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Nov 14, 2012 04:05 AM

After Thanksgiving Turkey Chowder

I've never made turkey chowder before. I'll have plenty of meat leftover and will keep the carcas for soup. Can you share your favorite recipe? I'd like a thick soup with corn. Thank you and Happy Thanksgiving!

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  1. Have you made turkey stock before? It is not as rich or gelatinous as homemade chicken stock, even if raw turkey is used. Starting with a carcass and cooked meat, no raw, will give you a browner stock but if you simmer it for a long time you can get grayish color, and a minerally finish, from the bones. That said, I am incapable of tossing a carcass that hasn't been through the stockpot.
    My solution is to use half beef broth (made from Better than Bouillon) and half homemade turkey stock to make French onion soup. It's my favorite liquid for onion soup.

    2 Replies
    1. re: greygarious

      Thanks, grey! I had visions of putting the carcas in a pot after Thanksgiving. I guess I should just be using the chopped turkey (which there will be plenty of).

      1. re: DaisyM

        Well no, you should include the carcass but don't expect as full a flavor as you would get with chicken. Definitely use any leftover skin, giblets, neck, and the cartilaginous parts. You can pull out the bones once the meat has released from them. It would be a good idea to add whatever chicken parts are on sale - maybe a couple of pounds. Do you have a pasta pot with a strainer insert? That makes stock-making easy - no splashing as you try to pour a mass of bone and veg through a colander.

    2. My secret to a great post-Thanksgiving turkey soup is to throw in the leftover gravy (I use Alton Brown's gravy recipe) and let that do the thickening. I do make stock with the carcass, having first cleaned the carcass of usable meat--I just simmer it for maybe 30 minutes, not more, and I have never noticed a bad flavor. I start with sauteeing some onion and celery, then add the stock, the chopped meat that I took off the carcass, mushrooms (whatever kind I happen to have), thyme, carrots, and at the end any leftover wild rice, heavy cream, or half-and-half. Every year it's a little different but it's always good.

      1. I always put the turkey carcass in my stockpot for stock once we are finished with dinner. It makes fabulous stock. I can it the day after TG.

        1. Go to your local supermarket and ask for their leftover turkey necks and feet from all those prepackaged and prepared Turkey dinners they've been selling. Should be at most a minimal cost, if not entirely free.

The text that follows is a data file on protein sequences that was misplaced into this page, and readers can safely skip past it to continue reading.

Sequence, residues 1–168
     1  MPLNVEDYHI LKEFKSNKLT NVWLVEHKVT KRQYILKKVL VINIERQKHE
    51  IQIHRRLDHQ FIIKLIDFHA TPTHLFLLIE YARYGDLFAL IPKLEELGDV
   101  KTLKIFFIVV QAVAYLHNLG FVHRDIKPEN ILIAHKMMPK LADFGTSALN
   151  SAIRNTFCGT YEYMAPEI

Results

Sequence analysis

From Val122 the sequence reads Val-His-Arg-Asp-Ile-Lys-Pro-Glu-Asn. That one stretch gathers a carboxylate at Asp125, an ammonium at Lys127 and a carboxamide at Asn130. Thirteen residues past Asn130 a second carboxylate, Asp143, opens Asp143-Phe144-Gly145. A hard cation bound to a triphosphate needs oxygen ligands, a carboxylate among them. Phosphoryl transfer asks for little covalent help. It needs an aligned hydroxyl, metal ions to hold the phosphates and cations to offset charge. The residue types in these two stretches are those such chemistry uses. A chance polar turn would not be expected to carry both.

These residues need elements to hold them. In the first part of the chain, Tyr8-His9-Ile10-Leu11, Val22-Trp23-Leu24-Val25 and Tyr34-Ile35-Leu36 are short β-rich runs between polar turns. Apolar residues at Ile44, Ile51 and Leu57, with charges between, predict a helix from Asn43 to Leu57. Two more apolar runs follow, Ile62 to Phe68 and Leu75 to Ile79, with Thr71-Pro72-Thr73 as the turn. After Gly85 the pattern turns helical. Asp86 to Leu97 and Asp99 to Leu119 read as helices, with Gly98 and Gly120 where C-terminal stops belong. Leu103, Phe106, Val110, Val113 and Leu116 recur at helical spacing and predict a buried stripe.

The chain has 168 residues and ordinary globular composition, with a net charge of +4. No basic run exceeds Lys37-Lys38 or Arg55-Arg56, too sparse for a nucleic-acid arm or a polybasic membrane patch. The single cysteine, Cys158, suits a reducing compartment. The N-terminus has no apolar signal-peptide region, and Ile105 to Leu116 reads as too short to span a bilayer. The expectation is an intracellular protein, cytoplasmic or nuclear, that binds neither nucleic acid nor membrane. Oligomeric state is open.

Then use those necks and feet along with your carcass to make stock. Then roast your choice of veggies (carrots, celery, corn, etc.) along with some potatoes and onions, add to pot, and make a roux and/or some milk, along with your turkey stock. I like to add a dash of buttermilk, but YMMV. Simmer for about 30 minutes and then serve with a nice crusty bread.

          2 Replies
          1. re: ipsedixit

            Excellent advice, everyone. Smart to roast the vegetables, I probably would have sauteed. I'll use the carcass and also some of the gravy. Now I'm more excited about the soup, then the actual turkey.

            1. re: DaisyM

              I am usually more excited about the soup than the turkey. I like turkey just fine (especially since I cook it and get to snitch as much turkey skin as I want) but soup is a staple food for me!

          2. One trick with using any carcass that I employ is after I've removed all the meat off the bones I get out my big vice grips and crush all the bones especially the leg/wing bones. There's a lot of good flavor in those bones. I never use celery but any other veg cut into large pieces. No salt. Very low/slow simmer for about six hours. Never ever boil. Cool over night and strain through cheese cloth. Remove all large veg pieces. Discard the bones. Add the veg pieces back to stock. Stick blend. Now the stock is ready to use in the chowder. Oh yeah I also add any gravy/potatoes/dressing leftovers back to stock before I stick blend. Warning! Be very careful not to let any little bone splinters from crushing the bones into the stock. I always strain the finished stock through a strainer. I did find a couple of splinters one time.